Step Into One of The Most Beloved Crêperies in Paris
Where the wait is well worth it.
October 3, 2017
By Olivia Terenzio | Photos by John Terenzio; Collage ChefsFeed
Every Wednesday through Sunday, a line forms at the Marché des Enfants Rouges in front of Chez Alain Miam Miam.
The line begins in the morning but crystallizes around lunchtime, when locals and visitors to Paris' Marais district enter the covered market, walk past the Moroccan couscous joint and the rainbowed fruit and vegetable stands, and wait for Alain’s crêpes and sandwiches.
In a city swollen with crêpe carts and boulangeries, Alain’s success says plenty. It’s the ingredients he uses that make his food distinct: organic lettuce and mushrooms, basil leaves and citrus zest, regional French cheeses. Smoked salmon and prosciutto. Organic flours. Avocados. The finished crêpes bloom like bouquets: the best edible arrangement you never dared to imagine. And everything on the menu costs less than 10 euros.
Whatever the godfather of Italian subs is, this is its French counterpart. This is the motherlode of the crêpe world, and it’s mostly good for you.
“Miam miam” translates in English to “yum yum.” Alain repeats the words as he piles crêpes and sandwiches high with vegetables. “All organic,” he says, gesturing to his produce. And pointing at the galette (buckwheat crêpe) menu: “Gluten-free.” When one man asks for prosciutto, Alain boasts that it’s from Tuscany.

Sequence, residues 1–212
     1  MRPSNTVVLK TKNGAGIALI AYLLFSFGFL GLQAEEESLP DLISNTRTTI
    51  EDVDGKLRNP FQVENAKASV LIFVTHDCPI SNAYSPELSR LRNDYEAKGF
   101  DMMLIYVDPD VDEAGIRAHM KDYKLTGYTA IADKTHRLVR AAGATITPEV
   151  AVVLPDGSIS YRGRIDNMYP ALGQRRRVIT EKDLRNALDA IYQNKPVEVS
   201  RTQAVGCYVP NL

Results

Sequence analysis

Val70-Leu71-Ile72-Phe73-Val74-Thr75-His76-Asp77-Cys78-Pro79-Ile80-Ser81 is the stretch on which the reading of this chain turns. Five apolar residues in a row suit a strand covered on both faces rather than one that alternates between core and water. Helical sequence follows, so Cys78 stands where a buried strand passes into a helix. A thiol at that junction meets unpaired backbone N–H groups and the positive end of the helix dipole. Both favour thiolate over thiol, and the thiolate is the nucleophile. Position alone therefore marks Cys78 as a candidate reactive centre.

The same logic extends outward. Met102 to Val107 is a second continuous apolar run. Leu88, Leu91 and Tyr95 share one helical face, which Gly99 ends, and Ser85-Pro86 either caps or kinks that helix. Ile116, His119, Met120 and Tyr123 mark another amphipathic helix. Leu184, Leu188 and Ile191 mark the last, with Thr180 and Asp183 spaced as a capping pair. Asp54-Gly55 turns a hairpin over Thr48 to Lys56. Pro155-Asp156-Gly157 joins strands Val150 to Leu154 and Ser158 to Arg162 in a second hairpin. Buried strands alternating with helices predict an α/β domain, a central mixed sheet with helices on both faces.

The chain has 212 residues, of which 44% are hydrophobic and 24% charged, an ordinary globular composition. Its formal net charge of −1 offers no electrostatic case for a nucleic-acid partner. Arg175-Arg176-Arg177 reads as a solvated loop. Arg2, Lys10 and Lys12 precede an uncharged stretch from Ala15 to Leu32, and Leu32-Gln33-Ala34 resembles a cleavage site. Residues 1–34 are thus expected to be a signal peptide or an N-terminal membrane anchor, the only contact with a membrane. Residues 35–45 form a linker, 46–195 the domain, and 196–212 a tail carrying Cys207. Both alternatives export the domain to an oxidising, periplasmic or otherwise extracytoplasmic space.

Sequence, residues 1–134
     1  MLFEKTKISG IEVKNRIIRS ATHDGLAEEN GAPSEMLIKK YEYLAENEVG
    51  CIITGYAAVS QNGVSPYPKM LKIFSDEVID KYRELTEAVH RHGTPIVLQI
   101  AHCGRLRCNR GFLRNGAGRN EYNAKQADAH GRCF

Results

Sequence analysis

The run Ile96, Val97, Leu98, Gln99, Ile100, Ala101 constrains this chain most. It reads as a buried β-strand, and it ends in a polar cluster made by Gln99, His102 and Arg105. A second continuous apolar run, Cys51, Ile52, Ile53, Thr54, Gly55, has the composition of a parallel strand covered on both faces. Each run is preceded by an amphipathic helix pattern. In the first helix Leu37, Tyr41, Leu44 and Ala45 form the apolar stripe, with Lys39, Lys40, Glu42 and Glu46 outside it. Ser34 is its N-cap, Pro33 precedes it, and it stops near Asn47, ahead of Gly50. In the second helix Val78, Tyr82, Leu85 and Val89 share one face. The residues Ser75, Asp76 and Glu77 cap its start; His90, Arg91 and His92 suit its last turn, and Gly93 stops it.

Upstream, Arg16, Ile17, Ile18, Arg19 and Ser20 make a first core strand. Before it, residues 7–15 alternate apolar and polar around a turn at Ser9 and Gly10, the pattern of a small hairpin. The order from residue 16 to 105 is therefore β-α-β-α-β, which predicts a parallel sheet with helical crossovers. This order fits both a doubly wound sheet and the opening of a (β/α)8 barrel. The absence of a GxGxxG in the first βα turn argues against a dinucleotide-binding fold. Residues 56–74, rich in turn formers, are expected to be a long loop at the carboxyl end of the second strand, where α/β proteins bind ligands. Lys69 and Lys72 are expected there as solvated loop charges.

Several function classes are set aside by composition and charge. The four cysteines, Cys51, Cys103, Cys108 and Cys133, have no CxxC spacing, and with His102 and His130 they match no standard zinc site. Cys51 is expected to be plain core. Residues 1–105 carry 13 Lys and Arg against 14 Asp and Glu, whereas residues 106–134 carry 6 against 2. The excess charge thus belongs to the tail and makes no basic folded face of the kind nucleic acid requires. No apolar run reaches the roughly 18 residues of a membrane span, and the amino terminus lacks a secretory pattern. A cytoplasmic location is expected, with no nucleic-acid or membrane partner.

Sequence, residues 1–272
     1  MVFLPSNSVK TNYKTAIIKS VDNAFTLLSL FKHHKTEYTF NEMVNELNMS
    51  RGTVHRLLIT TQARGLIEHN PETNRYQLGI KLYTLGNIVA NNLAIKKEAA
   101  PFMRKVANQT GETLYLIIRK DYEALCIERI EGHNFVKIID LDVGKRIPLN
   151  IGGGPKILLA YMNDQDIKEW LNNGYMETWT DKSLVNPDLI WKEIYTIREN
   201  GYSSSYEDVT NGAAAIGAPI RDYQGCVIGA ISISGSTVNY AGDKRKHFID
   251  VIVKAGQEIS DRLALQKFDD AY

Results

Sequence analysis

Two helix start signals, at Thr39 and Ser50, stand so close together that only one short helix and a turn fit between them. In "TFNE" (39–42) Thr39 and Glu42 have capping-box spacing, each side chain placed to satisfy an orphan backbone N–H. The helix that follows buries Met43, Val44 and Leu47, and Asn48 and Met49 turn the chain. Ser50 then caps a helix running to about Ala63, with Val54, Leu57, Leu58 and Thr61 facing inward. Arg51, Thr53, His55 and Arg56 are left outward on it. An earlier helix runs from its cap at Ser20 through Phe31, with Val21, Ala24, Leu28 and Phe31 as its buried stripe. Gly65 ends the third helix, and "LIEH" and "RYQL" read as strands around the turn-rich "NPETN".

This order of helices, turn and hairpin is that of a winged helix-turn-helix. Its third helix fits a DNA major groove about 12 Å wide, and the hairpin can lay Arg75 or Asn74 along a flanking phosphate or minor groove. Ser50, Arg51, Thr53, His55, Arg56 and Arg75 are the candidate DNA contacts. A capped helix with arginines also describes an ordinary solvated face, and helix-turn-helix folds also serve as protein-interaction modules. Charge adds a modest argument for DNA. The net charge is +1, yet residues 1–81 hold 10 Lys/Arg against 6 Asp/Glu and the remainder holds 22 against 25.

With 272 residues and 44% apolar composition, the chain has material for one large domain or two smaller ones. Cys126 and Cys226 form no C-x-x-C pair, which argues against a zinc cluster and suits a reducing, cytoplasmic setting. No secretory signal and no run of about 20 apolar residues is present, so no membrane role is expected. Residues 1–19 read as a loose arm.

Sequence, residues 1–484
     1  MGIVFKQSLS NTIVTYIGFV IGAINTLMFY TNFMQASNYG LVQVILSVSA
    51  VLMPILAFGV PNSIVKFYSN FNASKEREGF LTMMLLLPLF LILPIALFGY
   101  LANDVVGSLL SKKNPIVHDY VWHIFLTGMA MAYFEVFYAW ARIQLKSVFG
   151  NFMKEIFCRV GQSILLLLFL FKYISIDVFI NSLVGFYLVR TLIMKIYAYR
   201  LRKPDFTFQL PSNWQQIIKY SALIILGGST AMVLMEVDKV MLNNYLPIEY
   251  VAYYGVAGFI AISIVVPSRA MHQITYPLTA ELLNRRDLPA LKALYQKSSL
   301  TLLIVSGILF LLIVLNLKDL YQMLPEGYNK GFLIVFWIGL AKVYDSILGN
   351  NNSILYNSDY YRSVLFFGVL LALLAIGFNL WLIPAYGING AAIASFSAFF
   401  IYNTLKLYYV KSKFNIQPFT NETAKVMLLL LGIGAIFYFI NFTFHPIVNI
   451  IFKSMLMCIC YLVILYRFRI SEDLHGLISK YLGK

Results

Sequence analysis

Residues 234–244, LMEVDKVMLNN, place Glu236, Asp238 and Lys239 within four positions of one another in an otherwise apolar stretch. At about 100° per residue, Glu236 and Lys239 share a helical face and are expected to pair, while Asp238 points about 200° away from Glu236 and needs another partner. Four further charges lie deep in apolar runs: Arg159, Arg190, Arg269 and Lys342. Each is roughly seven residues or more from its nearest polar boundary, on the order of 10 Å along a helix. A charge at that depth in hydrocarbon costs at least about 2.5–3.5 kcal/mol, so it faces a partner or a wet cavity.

Alain is the only person working here, today and always. He wears a dirty navy blue T-shirt full of holes, with “Who the fuck is Robin Cunningham?” written in white letters. (If you believe the rumors, he’s Banksy.) Alain’s white hair is thinning, and he’s tucked eyeglasses into his neckline. He makes small talk with each customer, laughs and coos at babies, and charms a family by calling the kids “prince” and “princess.” A tip sign affixed to a red heart-shaped box hangs on the front of the stall. All tips will go to help refugees and migrants, the handwritten words explain.
Alain munches on bits of each ingredient as he throws them into sandwiches: a delicate lettuce leaf, a Comte cheese shaving, thin prosciutto he’s bundled between his thumb and forefinger. He flips sandwiches on a hot griddle using a flat spatula as smoke rises from the surface. The overstuffed buns refuse to close, so he rests the spatula on top to weigh them down.
Behind a glass divider are flat, square buns covered in poppy seeds, short bâtards and skinny baguettes leaning upright in a basket. Mounds of washed lettuce lie in huge stainless-steel bowls, ready to use. A screwdriver and toolbox sit next to a meat slicer set slightly askew, as if Alain was trying to fix it but failed, or got distracted. The front counter is covered with ginormous cheese wedges and tubs of vegetables that someone, presumably Alain, has prepped meticulously: sliced red peppers, caramelized onions, and grated carrot and fennel. The onions stick to the sides of the bin like wet spaghetti.
Occasionally, Alain grows aware of the line. When he senses people getting bored he purses his lips and shimmies his shoulders in a little dance, and everyone giggles. As they pay, he wraps their crêpes in wax paper and a dozen napkins, every last one of which they will need to eat this behemoth.
Often he gives them a bread bun to take home: “A gift."